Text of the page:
The Hubble Space Telescope has captured a neighboring galaxy located around 11 million light-years from Earth.
The highly irregular galaxy, ESO 174-1, resembles a hazy cloud against a dark backdrop illuminated by stars.
It is shown in an image consisting of a bright cloud of stars, dark gas and dust.
Irregular galaxies have strange shapes, like toothpicks or groupings of stars and range from dwarf irregular galaxies with 100 million times the mass of the sun to large ones weighing 10 billion solar masses.
NASA says astronomers think such galaxies’ shapes are sometimes the result of interactions with others and that some may have been formed by material pulled from such encounters or as the result of a mashup.
Scientists have also theorized that some large irregular galaxies could represent an intermediate step between spiral and elliptical galaxies.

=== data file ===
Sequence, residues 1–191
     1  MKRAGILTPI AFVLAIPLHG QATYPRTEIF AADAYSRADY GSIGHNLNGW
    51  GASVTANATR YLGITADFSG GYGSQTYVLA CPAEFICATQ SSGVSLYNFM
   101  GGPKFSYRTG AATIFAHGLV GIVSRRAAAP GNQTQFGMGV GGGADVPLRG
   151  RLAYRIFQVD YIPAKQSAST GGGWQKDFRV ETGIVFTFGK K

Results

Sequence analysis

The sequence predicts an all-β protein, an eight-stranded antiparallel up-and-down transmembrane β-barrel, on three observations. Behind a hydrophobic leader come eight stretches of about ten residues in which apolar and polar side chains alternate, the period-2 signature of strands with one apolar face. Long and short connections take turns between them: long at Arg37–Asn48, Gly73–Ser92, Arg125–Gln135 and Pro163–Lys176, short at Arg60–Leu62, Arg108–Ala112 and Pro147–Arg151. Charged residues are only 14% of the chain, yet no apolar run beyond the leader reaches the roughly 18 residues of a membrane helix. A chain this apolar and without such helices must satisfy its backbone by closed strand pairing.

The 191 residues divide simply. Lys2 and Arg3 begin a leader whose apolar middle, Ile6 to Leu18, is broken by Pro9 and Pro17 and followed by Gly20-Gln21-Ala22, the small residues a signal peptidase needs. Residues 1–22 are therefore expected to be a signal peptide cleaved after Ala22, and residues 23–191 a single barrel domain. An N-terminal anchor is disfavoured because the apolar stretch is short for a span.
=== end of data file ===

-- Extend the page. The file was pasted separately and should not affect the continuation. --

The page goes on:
The European Space Agency said the snapshot is a part of a collection of Hubble observations designed to better understand nearby galaxies.
The observations aim to separate the stars and properties of every known galaxy within 10 megaparsecs.
A parsec unit is used by astronomers to measure distances to other galaxies. For example, 10 megaparsecs is about 32 million light-years.
As it is inefficient for the telescope to make back-to-back observations of objects in opposite areas of the sky, the program to capture all of our neighboring galaxies was designed to use 2-3% of Hubble time available between observations.
Programs like the one that captured this galaxy fill the gaps between other observations, the agency noted.